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The US Senate voted this week to re-confirm Ajit Pai as the chairman of the Federal Communications Commission. His original term was scheduled to finish at the end of this year until President Donald Trump requested a new term. The passing vote gives him a new five-year term which will start retroactively on July 1, 2016.
His confirmation required a simple majority vote and as expected, it was mainly split along party lines. 48 Republicans and four Democrats voted for Pai while 41 Democrats and zero Republicans voted against him. There were also seven senators that did not participate in the vote. The four Democrats voting to elect him were Joseph Manchin (WV), Claire McCaskill (MO), Gary Peters (MI), and Jon Tester (MT). The official voting results are available on the Senate's website.
Pai has faced criticism from most consumers while on the other hand receiving praise from ISPs and lobbying groups. Senator Bill Nelson described Pai as "a vocal, overly partisan, and often hostile opponent of pro-consumer steps taken by his colleagues under the previous administration. And since becoming chairman of the FCC, he has systematically undercut much of the work done over the past eight years."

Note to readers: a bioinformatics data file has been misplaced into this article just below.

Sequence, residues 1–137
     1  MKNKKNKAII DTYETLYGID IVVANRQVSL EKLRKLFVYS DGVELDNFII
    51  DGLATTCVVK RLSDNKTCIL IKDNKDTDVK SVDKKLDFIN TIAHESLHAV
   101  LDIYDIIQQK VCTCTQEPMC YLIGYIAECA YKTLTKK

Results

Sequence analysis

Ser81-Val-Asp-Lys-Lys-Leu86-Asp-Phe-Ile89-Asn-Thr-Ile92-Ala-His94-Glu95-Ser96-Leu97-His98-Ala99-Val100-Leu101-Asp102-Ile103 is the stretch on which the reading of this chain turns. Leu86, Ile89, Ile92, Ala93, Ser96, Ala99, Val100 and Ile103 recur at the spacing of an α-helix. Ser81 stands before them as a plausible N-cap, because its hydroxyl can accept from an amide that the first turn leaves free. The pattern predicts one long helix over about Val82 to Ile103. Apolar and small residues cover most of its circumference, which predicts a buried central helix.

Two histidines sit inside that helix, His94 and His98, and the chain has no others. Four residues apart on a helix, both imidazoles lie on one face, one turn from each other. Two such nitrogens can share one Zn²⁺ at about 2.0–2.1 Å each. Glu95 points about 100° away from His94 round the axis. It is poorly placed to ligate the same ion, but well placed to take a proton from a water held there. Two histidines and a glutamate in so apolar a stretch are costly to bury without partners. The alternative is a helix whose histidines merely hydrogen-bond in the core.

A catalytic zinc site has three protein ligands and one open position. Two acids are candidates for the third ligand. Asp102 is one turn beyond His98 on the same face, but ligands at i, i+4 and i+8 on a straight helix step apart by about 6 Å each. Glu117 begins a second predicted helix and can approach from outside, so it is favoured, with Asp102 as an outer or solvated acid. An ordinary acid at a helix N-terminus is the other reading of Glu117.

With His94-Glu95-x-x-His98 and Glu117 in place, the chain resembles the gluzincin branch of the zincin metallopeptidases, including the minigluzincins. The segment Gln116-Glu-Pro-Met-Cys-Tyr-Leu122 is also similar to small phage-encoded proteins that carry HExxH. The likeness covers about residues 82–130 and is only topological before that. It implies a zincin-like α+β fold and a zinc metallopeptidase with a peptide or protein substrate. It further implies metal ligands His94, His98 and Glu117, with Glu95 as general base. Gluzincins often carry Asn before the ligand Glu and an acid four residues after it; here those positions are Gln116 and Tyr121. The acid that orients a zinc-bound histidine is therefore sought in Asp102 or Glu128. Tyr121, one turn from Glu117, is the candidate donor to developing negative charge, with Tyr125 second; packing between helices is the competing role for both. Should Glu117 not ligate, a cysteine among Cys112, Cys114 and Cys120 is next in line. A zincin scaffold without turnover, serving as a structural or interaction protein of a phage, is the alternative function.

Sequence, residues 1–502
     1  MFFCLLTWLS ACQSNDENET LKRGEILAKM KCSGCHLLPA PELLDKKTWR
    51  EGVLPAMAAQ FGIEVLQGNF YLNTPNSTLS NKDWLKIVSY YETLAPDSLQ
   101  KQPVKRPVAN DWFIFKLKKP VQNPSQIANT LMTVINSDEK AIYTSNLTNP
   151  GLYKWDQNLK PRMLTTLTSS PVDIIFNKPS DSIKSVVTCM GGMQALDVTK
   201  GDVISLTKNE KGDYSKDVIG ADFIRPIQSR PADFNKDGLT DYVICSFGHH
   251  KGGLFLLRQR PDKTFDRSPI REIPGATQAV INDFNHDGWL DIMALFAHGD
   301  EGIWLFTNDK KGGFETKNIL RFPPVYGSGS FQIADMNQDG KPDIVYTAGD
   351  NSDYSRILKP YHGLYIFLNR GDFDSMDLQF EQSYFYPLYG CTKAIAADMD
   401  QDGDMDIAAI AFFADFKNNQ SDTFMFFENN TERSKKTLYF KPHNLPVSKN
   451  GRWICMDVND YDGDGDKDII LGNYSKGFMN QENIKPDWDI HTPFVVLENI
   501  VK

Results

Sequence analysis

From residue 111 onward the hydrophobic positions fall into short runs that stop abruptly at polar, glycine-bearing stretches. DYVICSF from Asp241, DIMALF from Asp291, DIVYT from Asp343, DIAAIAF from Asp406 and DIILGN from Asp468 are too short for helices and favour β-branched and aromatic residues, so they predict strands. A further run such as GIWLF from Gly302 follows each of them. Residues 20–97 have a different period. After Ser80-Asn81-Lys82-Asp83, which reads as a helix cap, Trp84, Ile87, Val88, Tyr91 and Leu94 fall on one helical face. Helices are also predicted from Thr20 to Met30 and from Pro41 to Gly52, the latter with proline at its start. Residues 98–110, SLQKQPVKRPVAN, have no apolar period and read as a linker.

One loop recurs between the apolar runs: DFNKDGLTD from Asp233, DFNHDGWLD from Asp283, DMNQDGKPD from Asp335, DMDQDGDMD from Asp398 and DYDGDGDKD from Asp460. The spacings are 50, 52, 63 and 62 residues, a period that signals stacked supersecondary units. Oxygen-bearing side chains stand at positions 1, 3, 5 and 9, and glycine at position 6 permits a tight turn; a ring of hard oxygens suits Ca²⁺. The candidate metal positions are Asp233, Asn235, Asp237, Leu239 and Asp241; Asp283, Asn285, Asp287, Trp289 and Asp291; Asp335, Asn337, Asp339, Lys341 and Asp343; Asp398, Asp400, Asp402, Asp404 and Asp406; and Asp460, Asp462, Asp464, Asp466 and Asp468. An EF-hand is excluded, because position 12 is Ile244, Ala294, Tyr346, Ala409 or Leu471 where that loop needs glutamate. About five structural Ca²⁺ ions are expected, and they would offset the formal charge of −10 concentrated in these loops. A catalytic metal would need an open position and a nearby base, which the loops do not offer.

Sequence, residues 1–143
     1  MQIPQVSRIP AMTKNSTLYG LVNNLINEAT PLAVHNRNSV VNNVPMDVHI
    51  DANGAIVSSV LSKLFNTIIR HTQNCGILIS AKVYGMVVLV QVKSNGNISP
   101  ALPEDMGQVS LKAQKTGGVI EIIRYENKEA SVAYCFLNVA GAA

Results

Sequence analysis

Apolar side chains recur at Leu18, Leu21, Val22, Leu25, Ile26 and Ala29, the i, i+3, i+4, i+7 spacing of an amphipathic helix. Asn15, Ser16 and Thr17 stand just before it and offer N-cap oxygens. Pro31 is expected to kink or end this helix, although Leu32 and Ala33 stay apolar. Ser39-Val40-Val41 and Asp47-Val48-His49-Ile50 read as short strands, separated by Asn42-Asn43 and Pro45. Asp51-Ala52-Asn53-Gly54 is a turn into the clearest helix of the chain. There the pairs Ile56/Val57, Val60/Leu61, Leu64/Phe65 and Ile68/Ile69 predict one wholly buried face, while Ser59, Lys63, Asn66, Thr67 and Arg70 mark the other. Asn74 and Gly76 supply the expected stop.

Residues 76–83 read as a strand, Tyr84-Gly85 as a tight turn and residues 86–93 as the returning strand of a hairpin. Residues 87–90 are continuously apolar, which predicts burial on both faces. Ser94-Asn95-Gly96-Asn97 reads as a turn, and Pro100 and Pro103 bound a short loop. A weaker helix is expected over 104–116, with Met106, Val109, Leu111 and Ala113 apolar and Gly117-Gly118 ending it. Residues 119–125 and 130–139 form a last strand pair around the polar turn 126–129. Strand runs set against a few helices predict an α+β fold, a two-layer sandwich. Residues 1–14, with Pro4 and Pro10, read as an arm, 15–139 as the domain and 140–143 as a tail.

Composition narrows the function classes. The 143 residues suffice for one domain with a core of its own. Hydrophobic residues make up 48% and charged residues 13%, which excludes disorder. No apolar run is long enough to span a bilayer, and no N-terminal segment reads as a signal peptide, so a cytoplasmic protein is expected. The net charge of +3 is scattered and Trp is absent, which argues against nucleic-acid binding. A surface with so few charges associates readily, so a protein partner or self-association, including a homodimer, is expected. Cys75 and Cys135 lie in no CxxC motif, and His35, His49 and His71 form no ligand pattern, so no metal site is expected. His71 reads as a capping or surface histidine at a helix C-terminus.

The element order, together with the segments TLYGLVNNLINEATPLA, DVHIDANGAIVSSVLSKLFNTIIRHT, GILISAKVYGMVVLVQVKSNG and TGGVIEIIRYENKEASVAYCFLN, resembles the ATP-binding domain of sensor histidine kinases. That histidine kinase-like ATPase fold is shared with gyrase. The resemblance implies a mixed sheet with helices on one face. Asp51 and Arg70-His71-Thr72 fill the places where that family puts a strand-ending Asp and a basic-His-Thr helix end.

Verizon, Pai's former employer, issued a statement saying "Chairman Pai has demonstrated his commitment to the agency and fidelity to the law." In addition to striking down net neutrality legislation in favor of ISPs, Pai has also focused on expanding broadband coverage for elderly and low income Americans.
Given the party makeup of the Senate, this vote was more of a technicality since there were no serious chances to block the re-nomination. The Senate approves five FCC commissioners and the president makes the final selection of who will serve as chair. Although Pai's term is five years, he will likely vacate the seat should the presidency change parties in the 2020 election.